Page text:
Strength and Honor: The Life of Dolley Madison

Front Cover
Corinthian Books, 2005 - Biography & Autobiography - 444 pages
Born a sprightly Quaker farm girl in the North Carolina wilderness, Dolley Payne became a wife, a mother, and soon a grieving young widow as yellow fever decimated her family. Then fate led her to James Madison, father of the Constitution, a future president, and the dearest love of her life. ?Our hearts understand each other, ? she wrote to him in 1805. Her enthusiasm was infectious. When eminent statesman Henry Clay exclaimed, ?Everybody loves Mrs. Madison, ? she responded, ?That's because Mrs. Madison loves everybody!? Dolley's immense warmth, effervescence, tact, and popularity were acknowledged even by her husband's political opponents. In 1808, Federalist presidential candidate Charles C. Pinckney lamented, ?I was beaten by Mr. and Mrs. Madison. I might have had a better chance had I faced Mr. Madison alone.' The personal heroism she displayed when the British attacked Washington during the War of 1812, and the courage and integrity that characterized her entire life, made her an extraordinary role model. By the time of her death at the age of eighty-one in 1849, she was one of the most-acclaimed, most-loved women in nineteenth-century America. Based on more than 2,000 of Dolley Payne Todd Madison's letters, this intimate portrait explores the mind, heart, and brave journey of a vivacious, dedicated woman, who triumphed over adversity, poverty, and tragedy to help build the new American republic and define the role of First Lady of the land.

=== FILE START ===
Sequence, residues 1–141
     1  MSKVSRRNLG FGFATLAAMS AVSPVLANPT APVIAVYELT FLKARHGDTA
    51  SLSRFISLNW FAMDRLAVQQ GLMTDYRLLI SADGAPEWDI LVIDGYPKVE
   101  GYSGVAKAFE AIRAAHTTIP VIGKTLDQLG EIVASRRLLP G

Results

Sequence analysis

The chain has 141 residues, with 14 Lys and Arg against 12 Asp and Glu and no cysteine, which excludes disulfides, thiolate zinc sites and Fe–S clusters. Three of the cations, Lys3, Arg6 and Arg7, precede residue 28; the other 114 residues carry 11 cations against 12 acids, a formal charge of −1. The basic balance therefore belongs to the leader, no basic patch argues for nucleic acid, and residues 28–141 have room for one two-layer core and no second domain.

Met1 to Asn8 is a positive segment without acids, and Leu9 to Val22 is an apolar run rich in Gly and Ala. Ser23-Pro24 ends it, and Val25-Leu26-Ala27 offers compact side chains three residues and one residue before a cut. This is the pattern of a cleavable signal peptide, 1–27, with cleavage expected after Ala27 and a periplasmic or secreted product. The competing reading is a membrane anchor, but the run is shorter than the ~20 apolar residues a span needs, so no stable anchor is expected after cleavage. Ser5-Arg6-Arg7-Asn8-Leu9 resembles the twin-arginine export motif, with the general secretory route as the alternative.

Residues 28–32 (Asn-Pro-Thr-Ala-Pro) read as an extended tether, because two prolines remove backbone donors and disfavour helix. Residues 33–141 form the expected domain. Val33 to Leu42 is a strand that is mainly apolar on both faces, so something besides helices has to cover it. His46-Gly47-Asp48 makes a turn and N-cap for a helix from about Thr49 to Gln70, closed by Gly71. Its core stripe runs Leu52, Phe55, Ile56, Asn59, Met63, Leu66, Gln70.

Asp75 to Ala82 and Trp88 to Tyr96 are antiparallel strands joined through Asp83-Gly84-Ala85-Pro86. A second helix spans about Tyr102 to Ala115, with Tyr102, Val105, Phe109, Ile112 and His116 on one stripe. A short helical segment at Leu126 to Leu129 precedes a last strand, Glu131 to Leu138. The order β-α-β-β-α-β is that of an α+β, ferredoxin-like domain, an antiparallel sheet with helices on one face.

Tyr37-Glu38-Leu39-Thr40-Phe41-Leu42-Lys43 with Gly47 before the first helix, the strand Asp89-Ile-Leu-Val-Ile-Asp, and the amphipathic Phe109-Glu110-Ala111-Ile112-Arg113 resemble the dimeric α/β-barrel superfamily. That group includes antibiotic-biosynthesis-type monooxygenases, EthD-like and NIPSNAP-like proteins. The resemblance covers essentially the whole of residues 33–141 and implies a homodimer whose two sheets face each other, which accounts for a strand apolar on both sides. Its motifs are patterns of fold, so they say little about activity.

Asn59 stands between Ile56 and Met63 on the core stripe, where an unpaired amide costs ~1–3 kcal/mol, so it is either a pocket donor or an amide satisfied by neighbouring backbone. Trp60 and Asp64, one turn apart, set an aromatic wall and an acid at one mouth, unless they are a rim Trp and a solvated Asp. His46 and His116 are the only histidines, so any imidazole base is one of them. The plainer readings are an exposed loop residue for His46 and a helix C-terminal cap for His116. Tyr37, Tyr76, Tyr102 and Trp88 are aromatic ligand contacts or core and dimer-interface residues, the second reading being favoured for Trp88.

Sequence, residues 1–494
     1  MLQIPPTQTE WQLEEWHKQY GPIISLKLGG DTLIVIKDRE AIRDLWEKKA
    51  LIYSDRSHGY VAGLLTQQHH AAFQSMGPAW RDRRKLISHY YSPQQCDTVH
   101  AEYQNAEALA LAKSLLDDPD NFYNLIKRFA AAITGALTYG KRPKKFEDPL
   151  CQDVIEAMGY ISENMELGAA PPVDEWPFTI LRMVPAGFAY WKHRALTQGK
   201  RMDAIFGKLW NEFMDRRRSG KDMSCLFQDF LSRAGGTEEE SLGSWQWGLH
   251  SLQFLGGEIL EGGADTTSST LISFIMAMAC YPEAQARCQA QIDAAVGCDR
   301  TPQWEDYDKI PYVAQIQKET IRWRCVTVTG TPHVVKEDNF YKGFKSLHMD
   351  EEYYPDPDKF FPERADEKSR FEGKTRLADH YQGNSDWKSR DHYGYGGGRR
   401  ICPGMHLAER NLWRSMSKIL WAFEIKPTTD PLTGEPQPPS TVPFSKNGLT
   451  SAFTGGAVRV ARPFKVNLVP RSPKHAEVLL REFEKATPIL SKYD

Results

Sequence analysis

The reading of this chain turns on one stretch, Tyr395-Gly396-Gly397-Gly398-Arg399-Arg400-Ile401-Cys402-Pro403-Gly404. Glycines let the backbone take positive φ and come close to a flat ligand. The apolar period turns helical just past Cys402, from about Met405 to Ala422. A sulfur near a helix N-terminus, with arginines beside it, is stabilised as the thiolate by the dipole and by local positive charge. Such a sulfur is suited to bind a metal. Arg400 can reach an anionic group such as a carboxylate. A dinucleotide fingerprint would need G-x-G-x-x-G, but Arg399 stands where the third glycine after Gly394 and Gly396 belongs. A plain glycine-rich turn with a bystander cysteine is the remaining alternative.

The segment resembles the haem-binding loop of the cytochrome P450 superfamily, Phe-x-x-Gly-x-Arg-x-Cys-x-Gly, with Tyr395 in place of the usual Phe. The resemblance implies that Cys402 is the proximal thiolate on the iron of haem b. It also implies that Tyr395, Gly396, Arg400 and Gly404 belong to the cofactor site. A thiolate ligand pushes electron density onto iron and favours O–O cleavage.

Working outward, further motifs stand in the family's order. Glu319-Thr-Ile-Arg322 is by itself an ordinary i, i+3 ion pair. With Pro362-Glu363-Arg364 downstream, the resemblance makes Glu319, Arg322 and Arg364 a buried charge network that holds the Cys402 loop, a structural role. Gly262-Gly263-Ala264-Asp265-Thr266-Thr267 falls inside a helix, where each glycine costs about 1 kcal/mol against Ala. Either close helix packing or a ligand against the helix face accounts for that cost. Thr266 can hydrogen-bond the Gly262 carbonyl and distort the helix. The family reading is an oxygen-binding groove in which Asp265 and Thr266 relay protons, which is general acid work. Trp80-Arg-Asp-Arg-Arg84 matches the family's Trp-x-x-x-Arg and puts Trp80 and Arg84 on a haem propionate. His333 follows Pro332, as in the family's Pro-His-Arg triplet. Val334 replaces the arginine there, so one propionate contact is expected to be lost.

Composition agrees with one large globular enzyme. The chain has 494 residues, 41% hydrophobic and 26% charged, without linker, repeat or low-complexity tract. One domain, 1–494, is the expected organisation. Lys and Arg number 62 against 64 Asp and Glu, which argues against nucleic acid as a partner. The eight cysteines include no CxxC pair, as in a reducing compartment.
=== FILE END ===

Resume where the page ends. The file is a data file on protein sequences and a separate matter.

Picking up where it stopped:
In Harms Way
A Child Among Friends
The Flower of Youth
Love Marriage and Yellow Fever
In Second Blush
Mrs Madisons Debut
Within a Squirrels Jump of Heaven
The Washington Quadrille
From Hostess to Heroine
Adam and Eve in Paradise
Days of Grace and Honor
Illustration Credits
Source Notes

Our Hearts Understand Each Other
The Presidentress

Other editions - View all

Common terms and phrases

Popular passages

Page 12 - ... the approach of my dear husband and his friends; but, alas! I can descry only groups of military wandering in all directions, as if there was a lack of arms, or of spirit, to fight for their own firesides!
Page 4 - I have since received two despatches from him written with a pencil. The last is alarming, because he desires I should be ready at a moment's warning, to enter my carriage and leave the city; that the enemy seemed stronger than had at first been reported, and it might happen that they would reach the city with the intention of destroying it.

About the author (2005)

Cote' is also the author of "Mary's World: Love, War, and Family Ties in Nineteenth-century Charleston," and of "Theodosia Burr Alston: Portrait of a Prodigy." He resides in Mt. Pleasant, South Carolina.

Bibliographic information